n. A person who owns land that sits over a shale deposit and has become rich by leasing that land to a company that extracts natural gas from the shale.
Increased sales reflect spending by landowners with leasing bonuses — dubbed "shaleionaires" in the report — and out-of-state workers paying hotel and restaurant bills.
Stewart visited a "shaleionaire", one of the local farmers who’ve hit the shale gas lottery, and then came back here for a primer on power-supply management and energy security.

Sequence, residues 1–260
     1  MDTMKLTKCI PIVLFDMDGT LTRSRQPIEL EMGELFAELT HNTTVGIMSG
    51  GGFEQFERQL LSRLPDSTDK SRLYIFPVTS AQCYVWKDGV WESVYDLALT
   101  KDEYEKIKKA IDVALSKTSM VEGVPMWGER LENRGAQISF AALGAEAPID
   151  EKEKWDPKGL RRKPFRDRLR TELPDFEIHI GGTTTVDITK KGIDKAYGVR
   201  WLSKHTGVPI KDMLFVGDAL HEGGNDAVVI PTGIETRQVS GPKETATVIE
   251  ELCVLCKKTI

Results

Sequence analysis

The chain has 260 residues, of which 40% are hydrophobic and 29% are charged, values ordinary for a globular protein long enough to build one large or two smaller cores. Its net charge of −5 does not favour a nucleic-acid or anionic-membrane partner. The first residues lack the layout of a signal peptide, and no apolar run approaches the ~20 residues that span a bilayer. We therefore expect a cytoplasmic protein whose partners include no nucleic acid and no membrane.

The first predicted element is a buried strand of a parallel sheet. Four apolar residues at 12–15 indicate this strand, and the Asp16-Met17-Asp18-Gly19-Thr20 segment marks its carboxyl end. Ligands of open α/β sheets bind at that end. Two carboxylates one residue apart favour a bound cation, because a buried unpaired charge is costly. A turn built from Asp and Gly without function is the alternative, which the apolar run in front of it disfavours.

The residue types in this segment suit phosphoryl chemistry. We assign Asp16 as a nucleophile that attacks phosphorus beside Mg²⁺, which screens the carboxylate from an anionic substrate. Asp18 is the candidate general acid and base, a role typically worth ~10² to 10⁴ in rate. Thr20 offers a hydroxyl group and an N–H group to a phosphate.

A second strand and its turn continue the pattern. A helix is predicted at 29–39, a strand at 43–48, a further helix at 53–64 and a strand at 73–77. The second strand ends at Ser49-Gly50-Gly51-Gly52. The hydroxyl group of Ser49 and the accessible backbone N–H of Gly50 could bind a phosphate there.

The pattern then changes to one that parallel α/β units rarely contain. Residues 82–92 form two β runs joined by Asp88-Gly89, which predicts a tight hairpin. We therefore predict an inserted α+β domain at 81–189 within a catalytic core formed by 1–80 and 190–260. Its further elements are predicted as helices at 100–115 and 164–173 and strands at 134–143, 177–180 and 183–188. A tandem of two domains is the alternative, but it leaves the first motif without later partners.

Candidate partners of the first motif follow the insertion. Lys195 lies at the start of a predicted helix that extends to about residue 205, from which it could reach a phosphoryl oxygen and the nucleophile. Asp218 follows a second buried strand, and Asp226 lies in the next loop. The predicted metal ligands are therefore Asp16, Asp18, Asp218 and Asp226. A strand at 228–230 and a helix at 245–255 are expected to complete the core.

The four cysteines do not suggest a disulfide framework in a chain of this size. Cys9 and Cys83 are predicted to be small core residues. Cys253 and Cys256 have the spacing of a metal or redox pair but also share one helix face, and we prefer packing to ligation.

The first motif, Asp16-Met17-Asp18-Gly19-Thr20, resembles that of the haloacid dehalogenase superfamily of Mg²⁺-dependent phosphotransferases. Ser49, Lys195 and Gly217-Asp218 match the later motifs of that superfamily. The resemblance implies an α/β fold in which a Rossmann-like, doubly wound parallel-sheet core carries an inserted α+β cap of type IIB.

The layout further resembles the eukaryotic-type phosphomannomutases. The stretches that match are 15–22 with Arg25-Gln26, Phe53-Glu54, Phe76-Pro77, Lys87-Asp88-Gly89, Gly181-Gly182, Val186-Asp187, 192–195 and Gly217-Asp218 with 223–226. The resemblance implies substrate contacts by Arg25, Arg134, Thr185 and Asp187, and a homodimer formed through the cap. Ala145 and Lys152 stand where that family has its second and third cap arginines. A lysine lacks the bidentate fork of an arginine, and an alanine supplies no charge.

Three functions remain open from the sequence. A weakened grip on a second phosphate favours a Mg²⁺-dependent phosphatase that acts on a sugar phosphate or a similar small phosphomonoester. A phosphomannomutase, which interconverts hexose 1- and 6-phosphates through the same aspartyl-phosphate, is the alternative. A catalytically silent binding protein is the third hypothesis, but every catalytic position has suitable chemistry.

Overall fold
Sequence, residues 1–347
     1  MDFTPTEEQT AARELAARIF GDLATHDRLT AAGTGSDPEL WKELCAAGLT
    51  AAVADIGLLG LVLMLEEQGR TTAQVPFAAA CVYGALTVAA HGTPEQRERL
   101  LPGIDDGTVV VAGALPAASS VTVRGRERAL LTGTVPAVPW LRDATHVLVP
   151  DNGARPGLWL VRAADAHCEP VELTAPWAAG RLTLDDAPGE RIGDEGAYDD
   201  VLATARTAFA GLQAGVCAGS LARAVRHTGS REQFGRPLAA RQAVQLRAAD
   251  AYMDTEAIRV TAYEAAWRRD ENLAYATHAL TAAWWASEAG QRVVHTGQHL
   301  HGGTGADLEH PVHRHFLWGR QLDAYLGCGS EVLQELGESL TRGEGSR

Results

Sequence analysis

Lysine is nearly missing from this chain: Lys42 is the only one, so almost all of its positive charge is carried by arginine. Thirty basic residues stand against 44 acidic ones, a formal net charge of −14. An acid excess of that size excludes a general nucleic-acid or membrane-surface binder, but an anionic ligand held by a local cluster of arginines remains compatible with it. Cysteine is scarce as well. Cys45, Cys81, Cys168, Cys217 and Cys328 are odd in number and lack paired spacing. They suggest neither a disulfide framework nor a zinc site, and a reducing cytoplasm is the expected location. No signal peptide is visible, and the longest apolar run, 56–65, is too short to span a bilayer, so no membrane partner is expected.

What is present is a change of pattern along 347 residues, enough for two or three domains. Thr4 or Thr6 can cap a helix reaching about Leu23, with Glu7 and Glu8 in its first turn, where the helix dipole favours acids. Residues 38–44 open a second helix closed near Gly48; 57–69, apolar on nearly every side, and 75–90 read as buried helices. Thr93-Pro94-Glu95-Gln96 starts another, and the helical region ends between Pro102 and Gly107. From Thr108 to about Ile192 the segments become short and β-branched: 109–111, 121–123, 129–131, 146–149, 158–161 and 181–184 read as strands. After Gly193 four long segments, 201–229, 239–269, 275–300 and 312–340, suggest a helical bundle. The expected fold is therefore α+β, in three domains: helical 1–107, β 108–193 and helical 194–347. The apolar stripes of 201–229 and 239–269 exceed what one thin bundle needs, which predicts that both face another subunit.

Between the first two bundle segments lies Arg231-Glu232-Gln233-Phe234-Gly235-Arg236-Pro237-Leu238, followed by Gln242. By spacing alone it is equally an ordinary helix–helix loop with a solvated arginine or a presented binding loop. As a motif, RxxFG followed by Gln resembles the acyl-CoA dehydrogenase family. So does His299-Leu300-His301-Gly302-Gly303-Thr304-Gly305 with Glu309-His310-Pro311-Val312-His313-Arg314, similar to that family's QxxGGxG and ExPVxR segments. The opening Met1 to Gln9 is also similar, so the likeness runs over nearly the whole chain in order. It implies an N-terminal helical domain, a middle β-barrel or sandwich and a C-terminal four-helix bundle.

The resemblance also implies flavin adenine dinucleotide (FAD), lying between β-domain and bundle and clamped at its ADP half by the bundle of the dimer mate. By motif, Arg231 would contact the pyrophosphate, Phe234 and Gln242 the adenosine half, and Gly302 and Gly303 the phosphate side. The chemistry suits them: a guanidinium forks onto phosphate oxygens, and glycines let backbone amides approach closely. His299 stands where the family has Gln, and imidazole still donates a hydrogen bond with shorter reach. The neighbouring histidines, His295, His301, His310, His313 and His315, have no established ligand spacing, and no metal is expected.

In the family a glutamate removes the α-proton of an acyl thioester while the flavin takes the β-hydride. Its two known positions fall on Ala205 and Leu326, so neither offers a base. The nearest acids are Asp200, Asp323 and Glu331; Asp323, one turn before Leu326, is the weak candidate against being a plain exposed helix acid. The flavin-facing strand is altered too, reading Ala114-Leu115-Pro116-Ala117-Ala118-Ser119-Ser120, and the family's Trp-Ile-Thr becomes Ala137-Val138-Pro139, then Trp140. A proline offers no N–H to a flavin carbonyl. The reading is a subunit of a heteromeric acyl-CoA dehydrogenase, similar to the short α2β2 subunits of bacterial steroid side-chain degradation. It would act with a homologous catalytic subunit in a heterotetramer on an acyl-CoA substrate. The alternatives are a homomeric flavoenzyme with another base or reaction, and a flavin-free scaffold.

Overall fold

Along the coast it's easy to spot the effects of America's oil and gas renaissance in new hotels built in the past five years (many of them now populated by itinerant oilfield workers), in the multiplying numbers of overnight "shale-ionaires," in rising home values, expanding car and truck dealerships, and effectively full employment.
What's brought about the change is that there's a new, unconventional process for extracting natural gas from shale, a dense rock formation two miles undergound. And if you're sitting on top of it, you may become a new American phenomenon: a shaleionaire.